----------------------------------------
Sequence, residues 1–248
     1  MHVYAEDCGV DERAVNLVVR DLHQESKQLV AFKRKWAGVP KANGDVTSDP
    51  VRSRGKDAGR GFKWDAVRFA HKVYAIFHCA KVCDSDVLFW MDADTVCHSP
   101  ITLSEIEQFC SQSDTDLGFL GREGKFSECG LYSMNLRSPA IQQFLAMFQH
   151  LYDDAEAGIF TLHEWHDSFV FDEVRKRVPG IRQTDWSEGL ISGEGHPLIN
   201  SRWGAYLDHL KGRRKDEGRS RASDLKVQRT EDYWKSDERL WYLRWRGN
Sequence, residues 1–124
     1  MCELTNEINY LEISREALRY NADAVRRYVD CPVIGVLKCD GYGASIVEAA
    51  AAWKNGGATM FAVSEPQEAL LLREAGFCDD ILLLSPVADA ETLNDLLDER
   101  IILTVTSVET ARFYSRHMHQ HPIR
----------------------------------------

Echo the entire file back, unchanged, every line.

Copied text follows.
Sequence, residues 1–248
     1  MHVYAEDCGV DERAVNLVVR DLHQESKQLV AFKRKWAGVP KANGDVTSDP
    51  VRSRGKDAGR GFKWDAVRFA HKVYAIFHCA KVCDSDVLFW MDADTVCHSP
   101  ITLSEIEQFC SQSDTDLGFL GREGKFSECG LYSMNLRSPA IQQFLAMFQH
   151  LYDDAEAGIF TLHEWHDSFV FDEVRKRVPG IRQTDWSEGL ISGEGHPLIN
   201  SRWGAYLDHL KGRRKDEGRS RASDLKVQRT EDYWKSDERL WYLRWRGN
Sequence, residues 1–124
     1  MCELTNEINY LEISREALRY NADAVRRYVD CPVIGVLKCD GYGASIVEAA
    51  AAWKNGGATM FAVSEPQEAL LLREAGFCDD ILLLSPVADA ETLNDLLDER
   101  IILTVTSVET ARFYSRHMHQ HPIR